The guidance runs through a list of requirements for microbial testing. Each facility would conduct a microbial challenge study at least once for each mixed, diluted, or repackaged biological product. The microbial challenge study should be repeated if the formulation or the container-closure system is changed. The challenge microbes should include the panel provided in USP 51, Antimicrobial Effectiveness Testing. The panel should also incorporate typical skin microflora and nosocomial agents as well as strains of the tribe Klebsielleae.
Where outsourcing facilities are doing “repackaging,” they are also subject to the four-hour and 24-hour limitations. But they are given a third option: up to five days provided that the outsourcing facility conducts adequate compatibility studies on the container-closure system.
Again, the FDA rationalizes the longer lead times for outsourcing facilities based on their unique CGMPs and inspections. This longer BUD is not provided for mixed or diluted biological products because these activities are more likely to alter the characteristics of the biological product in ways that could harm patients, even if performed under CGMP conditions. To provide a sufficient basis for the FDA to conclude that a longer BUD on a mixed or diluted product was justified, an outsourcing facility would need to submit a biologics license application that included data on the impacts of diluting or mixing the specific product.
Again, as with the repackaging guidance, the biologics guidance has rubbed hospitals the wrong way. According to Linda E. Fishman, Senior Vice President of the American Hospital Association:
These extremely short BUDs would result in increased waste of biological products, potentially creating shortages and limiting access to biologics for patients, including access to important biological products such as repackaged bevacizumab (Avastin), mixed doses of infliximab (Remicade), mixed doses of rituximab (Rituxan), and many other lifesaving products. Currently, hospitals and health care systems utilize longer BUDs that are based on the U.S. Pharmacopeia Convention Chapter 797 as well as available evidence, including peer-reviewed literature. These sources show that these biological products remain stable, sterile, and effective with BUDs longer than those proposed by the FDA when following standardized aseptic process to ensure sterility, stability, and safety.
Hospitals have criticized the four-hour limit as being scientifically baseless, although the draft says four hours “is consistent with many licensed biological products.” Jayne Hart Chambers, Senior Vice President for Quality at the Federation of American Hospitals, argues, “This is not a scientific rationale for such a severe restriction.” She states that hospitals should be given the flexibility to determine the BUD based on the following criteria: 1) manufacturer product label; 2) the hospital’s own microbial challenge studies; 3) well-designed published sterility/stability studies; 4) the conditions under which the product was repackaged; and 5) the conditions in which the product will be stored.
The guidance also relieves hospital’s central pharmacies from registering under section 510 of the FD&C Act in the event of a drug shortage. Chambers thinks centralized pharmacies ought to be exempt regardless of whether there is a drug shortage or not.
But compounders are just as unhappy with the biologics draft guidance as the hospitals. David Miller, RPh, Executive Vice President and CEO of the International Academy of Compounding Pharmacists (IACP), says, “The IACP strongly opposes this arbitrary assignment of BUDs.” He argues the FDA has chosen to ignore reasonable possible BUDs that may be longer than four hours even when they are supported by approved package labeling. He adds that a microbial challenge test as outlined in the draft guidance may support a BUD of greater than 24 hours. He cites USP 71, referenced within 797, which he argues specifically provides for means by which additional testing for potency and sterility may support longer BUDs for sterile medications.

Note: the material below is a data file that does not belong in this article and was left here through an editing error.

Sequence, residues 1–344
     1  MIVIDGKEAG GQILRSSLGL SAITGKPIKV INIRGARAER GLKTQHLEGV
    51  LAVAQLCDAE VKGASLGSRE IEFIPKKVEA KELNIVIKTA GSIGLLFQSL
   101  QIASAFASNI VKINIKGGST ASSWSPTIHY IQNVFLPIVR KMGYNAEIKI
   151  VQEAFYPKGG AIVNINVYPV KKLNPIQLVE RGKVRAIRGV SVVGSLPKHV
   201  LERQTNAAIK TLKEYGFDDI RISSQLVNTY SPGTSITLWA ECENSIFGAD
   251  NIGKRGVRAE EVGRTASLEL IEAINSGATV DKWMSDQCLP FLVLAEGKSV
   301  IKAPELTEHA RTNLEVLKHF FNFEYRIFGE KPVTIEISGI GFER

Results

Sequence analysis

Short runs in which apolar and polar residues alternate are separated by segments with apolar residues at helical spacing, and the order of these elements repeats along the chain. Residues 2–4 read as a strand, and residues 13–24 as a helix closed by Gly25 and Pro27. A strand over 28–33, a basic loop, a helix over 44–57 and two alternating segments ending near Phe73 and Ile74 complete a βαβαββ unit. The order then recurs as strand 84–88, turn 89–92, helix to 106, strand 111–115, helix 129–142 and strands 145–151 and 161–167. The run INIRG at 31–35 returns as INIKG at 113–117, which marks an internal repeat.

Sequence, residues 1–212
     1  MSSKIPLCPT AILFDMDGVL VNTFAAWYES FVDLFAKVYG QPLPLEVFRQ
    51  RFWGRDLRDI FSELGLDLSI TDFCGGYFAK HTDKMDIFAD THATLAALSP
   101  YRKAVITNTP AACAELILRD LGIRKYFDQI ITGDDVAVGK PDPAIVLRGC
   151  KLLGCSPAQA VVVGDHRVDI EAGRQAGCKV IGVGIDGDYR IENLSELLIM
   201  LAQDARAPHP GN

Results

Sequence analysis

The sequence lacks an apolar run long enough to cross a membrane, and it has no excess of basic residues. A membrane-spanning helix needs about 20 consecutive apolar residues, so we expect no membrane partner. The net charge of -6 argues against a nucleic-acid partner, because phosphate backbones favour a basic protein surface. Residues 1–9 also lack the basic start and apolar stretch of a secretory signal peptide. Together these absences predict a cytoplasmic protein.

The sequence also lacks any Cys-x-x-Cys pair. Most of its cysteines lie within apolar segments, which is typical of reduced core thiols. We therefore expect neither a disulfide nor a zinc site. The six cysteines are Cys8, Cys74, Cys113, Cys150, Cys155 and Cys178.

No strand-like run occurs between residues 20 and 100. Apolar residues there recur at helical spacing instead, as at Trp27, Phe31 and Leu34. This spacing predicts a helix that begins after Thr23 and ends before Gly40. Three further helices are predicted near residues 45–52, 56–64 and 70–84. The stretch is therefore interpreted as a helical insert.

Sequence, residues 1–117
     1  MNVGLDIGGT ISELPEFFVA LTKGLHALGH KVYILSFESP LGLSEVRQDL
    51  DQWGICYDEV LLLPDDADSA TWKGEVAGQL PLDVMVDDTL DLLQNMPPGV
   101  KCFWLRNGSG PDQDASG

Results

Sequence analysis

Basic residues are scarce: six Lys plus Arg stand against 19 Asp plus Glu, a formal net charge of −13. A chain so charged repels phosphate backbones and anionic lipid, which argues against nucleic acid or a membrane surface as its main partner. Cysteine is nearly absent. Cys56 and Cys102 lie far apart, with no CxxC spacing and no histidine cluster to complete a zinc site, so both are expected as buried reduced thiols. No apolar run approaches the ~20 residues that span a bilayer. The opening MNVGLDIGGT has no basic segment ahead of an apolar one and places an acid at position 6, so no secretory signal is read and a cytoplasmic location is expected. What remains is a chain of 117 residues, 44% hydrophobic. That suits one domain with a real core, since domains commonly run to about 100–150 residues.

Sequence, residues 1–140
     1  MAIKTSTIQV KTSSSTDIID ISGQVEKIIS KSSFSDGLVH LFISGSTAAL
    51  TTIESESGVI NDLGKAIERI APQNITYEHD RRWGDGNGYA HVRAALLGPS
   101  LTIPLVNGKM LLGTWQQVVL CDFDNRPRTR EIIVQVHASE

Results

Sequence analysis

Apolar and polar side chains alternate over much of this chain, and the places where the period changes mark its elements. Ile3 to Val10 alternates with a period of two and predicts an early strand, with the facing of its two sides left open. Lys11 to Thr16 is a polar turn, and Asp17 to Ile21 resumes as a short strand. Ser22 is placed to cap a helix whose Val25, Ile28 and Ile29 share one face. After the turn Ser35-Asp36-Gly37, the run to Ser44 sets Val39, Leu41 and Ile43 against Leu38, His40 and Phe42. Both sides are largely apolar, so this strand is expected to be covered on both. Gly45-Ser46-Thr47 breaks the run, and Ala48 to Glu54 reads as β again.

The FDA got heaps of criticism after the NECC compounding disaster, some of it fair, some of it not. But it is obviously attempting to insulate itself from future brickbats because of lax enforcement with these two draft guidances, which must be finalized to take effect. There is no telling when that will be. But it would not be surprising to see the FDA err on the side of shorter BUDs, although the agency could adjust the BUDs a smidgen to acknowledge hospital and 503B pharmacy complaints.
Of course, FDA guidance documents are only as good as the quality and quantity of FDA inspections make them.
- Food and Drug Administration. Mixing, diluting, or repackaging biological products outside the scope of an approved biologics license application. Guidance for industry. Draft guidance. February 2015;Available at: https://www.fda.gov/ucm/groups/fdagov-public/@fdagov-drugs-gen/documents/document/ucm434176.pdf. Accessed July 16, 2015
- Food and Drug Administration. Repackaging of certain human drug products by pharmacies and outsourcing facilities. Guidance for industry. Draft guidance. February 2015;Available at: https://www.fda.gov/ucm/groups/fdagov-public/@fdagov-drugs-gen/documents/document/ucm434174.pdf. Accessed July 16, 2015
- USP Compounding Compendium Rockville, Maryland: U.S. Pharmacopeial Convention. 2015;
- Food and Drug Administration. Federal Food, Drug, and Cosmetic Act (FD&C Act). Available at: https://www.fda.gov/regulatory-information/legislation/federalfooddrugandcosmeticactfdcact. Accessed July 16, 2015
- Food and Drug Administration. Guidance for industry. Current good manufacturing practice—interim guidance for human drug compounding outsourcing facilities under section 503B of the FD&C Act. July 2014;Available at: https://www.fda.gov/downloads/drugs/guidancecomplianceregulatoryinformation/guidances/ucm403496.pdf. Accessed July 16, 2015